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Community ideas

Volunteers – a valuable resource

A library computers

I saw a voluntary job the other day teaching people the basics of how to use computers. Some people don’t have a clue and have never used a computer. I could do that couldn’t I? I’ve been messing around with computers for years and I own and run this website. I’ve just edited the HTML in this blog post.

Besides writing and photography. I’ve also helped a few students with their studies usually over the internet. I help writers too sometimes. I’m involved with one of the local history groups and with art. I’m hoping to review an art gallery today. This doesn’t really get me involved with people and meeting people though. Doing a few hours of voluntary work wouldn’t be rewarding in the financial sense, but it would be emotionally rewarding, because I would be meeting and talking to people.

The volunteer position that was advertised was too far away and that is one problem. Lots of organisations tend to be near the centres of power that become more centralised all the time. I don’t want to travel into a city centre. I want something relaxing. not a highly stressed 30 mile commute and regular hours.

I did ask about teaching people to write while they were in hospital. I was bored when I was in and didn’t have many visitors. A lot of people need someone to visit and the writing would give us something to talk about. My idea wasn’t received very enthusiastically. It seems I would also need to do a course before being acceptable. I need to know about health and safety. I know what those courses are like, some jobsworth tells us that we have to press the fire alarm and evacuate the building in case of fire. I’ve been in a building when the fire alarm went off and I saw smoke, so there could have been a fire. You have to make responsible decisions very quickly. I did evacuate people from the building, but then had to go and investigate the ‘fire’; because there were still people at risk. It turned out that the ‘fire’ was the smouldering remains of a petrol bomb that had been thrown through the window.  They don’t tell you about that on ‘health and safety’ courses. In a hospital you also need to understand how infections are spread and how to stay calm and help to calm others.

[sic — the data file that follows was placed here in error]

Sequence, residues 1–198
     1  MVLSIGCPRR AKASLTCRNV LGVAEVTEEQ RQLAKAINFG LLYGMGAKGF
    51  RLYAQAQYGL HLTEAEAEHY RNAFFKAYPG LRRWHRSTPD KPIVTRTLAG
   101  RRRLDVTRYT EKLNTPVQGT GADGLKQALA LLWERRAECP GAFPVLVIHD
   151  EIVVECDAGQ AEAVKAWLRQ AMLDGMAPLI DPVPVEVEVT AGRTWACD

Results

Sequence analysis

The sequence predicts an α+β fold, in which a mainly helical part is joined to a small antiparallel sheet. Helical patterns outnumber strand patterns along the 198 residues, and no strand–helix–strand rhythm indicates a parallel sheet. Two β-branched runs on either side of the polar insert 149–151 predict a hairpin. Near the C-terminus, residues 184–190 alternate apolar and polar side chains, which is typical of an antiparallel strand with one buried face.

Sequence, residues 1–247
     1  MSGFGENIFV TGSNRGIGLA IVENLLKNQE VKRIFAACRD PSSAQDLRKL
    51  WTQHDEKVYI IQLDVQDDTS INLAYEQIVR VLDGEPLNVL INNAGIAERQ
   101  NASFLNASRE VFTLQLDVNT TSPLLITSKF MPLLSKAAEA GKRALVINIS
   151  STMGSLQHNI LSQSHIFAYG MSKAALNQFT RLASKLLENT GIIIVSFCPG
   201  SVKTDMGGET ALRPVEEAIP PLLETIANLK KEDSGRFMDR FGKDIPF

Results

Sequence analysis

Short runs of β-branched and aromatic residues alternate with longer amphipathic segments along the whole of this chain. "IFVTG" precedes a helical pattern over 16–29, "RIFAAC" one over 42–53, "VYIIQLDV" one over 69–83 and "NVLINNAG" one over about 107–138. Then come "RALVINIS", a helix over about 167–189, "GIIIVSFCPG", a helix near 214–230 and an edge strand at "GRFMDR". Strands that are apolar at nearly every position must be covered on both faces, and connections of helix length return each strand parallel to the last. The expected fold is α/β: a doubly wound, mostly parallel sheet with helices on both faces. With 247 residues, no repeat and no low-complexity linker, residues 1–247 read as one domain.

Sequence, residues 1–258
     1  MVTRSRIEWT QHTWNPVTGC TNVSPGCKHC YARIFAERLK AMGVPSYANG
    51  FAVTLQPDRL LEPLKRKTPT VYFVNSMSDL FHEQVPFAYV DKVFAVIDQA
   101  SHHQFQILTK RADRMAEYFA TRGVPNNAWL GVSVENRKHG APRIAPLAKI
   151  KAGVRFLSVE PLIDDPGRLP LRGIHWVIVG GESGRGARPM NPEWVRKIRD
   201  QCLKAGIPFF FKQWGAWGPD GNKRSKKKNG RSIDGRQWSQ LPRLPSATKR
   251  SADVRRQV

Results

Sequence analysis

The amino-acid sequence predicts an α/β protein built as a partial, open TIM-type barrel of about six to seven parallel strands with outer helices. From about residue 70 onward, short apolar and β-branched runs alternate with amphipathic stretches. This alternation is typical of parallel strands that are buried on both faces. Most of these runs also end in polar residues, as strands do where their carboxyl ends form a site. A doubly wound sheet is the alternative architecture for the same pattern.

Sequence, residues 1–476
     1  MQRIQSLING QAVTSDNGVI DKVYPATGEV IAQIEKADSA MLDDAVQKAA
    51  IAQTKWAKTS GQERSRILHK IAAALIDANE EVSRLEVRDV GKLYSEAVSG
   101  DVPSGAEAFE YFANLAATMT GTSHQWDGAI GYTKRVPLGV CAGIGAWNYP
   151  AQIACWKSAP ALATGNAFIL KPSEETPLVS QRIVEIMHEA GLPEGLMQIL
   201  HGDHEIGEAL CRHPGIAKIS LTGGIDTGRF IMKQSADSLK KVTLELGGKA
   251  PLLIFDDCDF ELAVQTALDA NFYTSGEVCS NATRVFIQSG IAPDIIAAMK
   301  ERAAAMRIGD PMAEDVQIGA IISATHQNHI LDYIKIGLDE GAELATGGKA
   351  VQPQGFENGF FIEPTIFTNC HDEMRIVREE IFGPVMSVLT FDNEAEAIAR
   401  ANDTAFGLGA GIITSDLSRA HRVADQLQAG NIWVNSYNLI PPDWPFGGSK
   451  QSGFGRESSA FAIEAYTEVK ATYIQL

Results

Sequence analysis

Volunteering is good for people who need some experience of work, young people who need something on their CV. It is also good for people like me who are past their sell by date, but haven’t gone off yet! I don’t want to travel a long way. I don’t want 9 to 5. I don’t want to mop floors or do something menial. My health isn’t good so I don’t want to walk too far. I need a job that suits me, not one that suits the organisation. I won’t be treated as cheap labour.

Lots of people are willing to help, if they are treated properly and respected. Older people have a lifetime of experience to offer. It might be writing or photography like me. I might even stray into helping people understand social media, computers or how to write a decent CV.

A lot of new organisations are so called ‘social enterprises’ set up to bid for contracts in mental health and ‘advice’. These can work and I suppose they do work in places, but many exist not for the vulnerable people they are trying to help, but for the benefit of the people they employ. Many charities are becoming like that too, they offer nice offices, salaries and pensions to their staff and offer condescending advice and free energy saving light bulbs that are as dim as the people handing them out.